7. Understand Connecticut state tax requirements

For many years, Connecticut levied the Connecticut Business Entity Tax, but as of June 2021, this tax no longer exists. Your LLC must still pay federal taxes to the IRS, passing profits and losses through to members. Other Connecticut state tax considerations include:

  • Annual report. Your LLC must file an annual report with the company’s most up-to-date information on Connecticut’s business portal. The filing fee is $80.
  • Employer taxes. If your LLC has employees, youmust periodically remit their state withholding taxes and pay an unemployment insurance tax. Your exact remittances vary depending on the number of employees and their salaries.
  • Corporate tax. LLC owners can choose to have their company taxed as an S corporation. This can be beneficial for profitable companies because corporate tax rates are typically lower than personal income tax rates, and LLC owners pay taxes at the personal rate. To have your LLC taxed as a corporation, file Form 2553 with the IRS. Then, file a Connecticut corporate business tax return and pay 7.5% on company profits.

8. Prepare an operating agreement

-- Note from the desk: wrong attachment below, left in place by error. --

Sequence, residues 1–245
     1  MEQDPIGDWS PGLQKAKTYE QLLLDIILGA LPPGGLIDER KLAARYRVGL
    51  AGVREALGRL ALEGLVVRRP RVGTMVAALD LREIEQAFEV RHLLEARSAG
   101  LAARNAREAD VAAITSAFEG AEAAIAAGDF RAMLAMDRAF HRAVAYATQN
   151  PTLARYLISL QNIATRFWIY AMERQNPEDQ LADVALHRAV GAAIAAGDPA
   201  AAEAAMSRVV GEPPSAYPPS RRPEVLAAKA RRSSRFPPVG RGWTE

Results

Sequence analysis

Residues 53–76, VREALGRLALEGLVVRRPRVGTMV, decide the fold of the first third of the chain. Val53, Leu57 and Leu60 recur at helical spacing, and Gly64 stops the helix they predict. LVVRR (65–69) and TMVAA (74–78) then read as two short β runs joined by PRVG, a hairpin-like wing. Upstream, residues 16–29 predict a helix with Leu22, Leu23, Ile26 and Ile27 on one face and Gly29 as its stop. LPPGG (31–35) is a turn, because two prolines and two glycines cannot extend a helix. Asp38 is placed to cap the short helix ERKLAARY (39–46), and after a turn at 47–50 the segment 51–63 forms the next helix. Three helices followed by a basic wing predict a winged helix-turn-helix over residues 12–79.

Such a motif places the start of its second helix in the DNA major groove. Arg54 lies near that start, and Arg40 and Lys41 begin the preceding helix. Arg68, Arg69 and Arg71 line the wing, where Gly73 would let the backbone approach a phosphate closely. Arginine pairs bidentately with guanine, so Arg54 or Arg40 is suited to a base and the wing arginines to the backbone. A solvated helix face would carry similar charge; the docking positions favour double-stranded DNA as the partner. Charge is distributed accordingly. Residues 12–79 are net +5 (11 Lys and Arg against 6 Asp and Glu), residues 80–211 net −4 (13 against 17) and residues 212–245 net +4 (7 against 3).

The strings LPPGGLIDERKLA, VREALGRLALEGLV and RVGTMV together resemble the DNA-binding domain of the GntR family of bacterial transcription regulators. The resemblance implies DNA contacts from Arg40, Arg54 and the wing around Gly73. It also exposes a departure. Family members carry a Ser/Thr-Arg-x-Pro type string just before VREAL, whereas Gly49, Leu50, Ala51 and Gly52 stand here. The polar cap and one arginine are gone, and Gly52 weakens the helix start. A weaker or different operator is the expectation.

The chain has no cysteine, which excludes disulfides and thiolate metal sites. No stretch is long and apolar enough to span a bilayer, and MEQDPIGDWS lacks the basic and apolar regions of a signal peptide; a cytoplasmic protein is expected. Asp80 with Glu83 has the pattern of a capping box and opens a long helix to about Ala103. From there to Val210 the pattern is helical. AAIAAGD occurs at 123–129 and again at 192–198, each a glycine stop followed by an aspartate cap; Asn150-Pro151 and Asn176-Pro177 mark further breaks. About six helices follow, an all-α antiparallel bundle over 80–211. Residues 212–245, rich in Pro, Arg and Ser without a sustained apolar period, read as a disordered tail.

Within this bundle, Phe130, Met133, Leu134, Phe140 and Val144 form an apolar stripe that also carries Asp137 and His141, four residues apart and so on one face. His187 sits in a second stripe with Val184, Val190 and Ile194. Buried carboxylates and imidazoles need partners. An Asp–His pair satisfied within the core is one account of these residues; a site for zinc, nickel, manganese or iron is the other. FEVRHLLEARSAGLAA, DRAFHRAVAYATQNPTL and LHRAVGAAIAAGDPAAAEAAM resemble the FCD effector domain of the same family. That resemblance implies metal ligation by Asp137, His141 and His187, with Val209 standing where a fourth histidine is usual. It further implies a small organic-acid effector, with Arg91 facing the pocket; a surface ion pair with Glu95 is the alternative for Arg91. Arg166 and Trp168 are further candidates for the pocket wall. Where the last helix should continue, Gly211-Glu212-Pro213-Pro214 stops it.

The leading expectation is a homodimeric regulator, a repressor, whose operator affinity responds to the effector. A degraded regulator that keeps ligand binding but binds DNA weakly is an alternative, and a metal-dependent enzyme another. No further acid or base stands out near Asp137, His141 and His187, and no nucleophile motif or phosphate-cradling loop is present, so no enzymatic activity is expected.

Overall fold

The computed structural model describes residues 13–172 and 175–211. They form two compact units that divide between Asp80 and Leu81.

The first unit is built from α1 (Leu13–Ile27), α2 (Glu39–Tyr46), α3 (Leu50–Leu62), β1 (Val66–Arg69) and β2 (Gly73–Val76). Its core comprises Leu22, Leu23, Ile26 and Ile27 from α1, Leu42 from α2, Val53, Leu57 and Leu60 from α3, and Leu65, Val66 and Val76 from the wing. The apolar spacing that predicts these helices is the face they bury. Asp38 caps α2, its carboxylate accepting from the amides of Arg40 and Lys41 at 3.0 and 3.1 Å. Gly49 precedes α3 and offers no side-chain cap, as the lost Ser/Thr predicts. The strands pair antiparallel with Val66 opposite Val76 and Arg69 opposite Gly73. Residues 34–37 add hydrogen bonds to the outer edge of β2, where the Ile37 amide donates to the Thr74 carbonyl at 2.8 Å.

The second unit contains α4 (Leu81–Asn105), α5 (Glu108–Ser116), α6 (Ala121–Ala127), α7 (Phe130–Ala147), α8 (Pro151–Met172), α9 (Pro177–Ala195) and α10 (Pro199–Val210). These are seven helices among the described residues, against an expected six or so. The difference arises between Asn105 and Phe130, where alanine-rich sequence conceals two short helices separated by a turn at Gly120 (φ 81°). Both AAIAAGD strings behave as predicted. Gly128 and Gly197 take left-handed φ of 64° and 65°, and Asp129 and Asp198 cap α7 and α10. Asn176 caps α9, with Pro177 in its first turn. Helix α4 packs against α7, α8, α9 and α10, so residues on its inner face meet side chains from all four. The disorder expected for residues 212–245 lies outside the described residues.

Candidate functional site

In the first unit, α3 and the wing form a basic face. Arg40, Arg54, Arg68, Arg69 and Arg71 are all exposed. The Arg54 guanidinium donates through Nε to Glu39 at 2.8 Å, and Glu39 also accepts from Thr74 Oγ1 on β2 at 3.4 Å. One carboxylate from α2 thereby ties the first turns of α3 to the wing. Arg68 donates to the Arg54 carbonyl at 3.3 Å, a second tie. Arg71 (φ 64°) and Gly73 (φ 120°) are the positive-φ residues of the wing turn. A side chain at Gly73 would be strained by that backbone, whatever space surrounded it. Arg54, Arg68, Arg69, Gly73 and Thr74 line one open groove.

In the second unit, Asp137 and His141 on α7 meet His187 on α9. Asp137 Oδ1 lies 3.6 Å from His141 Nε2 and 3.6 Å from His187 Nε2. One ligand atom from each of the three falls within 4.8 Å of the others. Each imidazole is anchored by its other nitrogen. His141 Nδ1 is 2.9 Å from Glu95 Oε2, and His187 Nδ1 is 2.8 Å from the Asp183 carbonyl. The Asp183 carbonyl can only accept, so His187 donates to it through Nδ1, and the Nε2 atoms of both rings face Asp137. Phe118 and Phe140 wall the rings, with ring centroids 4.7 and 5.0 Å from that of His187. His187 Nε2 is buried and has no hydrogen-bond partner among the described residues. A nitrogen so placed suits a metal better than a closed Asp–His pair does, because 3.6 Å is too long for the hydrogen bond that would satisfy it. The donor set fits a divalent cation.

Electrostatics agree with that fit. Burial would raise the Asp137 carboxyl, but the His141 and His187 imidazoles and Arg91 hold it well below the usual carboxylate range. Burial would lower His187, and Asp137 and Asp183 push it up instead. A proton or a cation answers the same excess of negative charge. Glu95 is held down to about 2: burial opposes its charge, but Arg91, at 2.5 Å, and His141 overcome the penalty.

You don’t need a Connecticut LLC operating agreement to organize in the state, but many successful LLCs have one. An LLC operating agreement outlines how your Connecticut LLC conducts business and establishes your membership group’s shares and status within the company. A standard LLC operating agreement includes: 

  • The LLC’s name and, if applicable, DBA
  • The LLC’s business address
  • The LLC’s planned lifespan (temporary or continued in perpetuity) 
  • A List of LLC members and their respective ownership percentages
  • The name and address of the LLC’s registered agent
  • The scope of company business
  • A distribution model for profits and losses
  • Processes for admitting new members and removing existing members
  • An enumerated list of business decisions that require membership vote, and procedures for such votes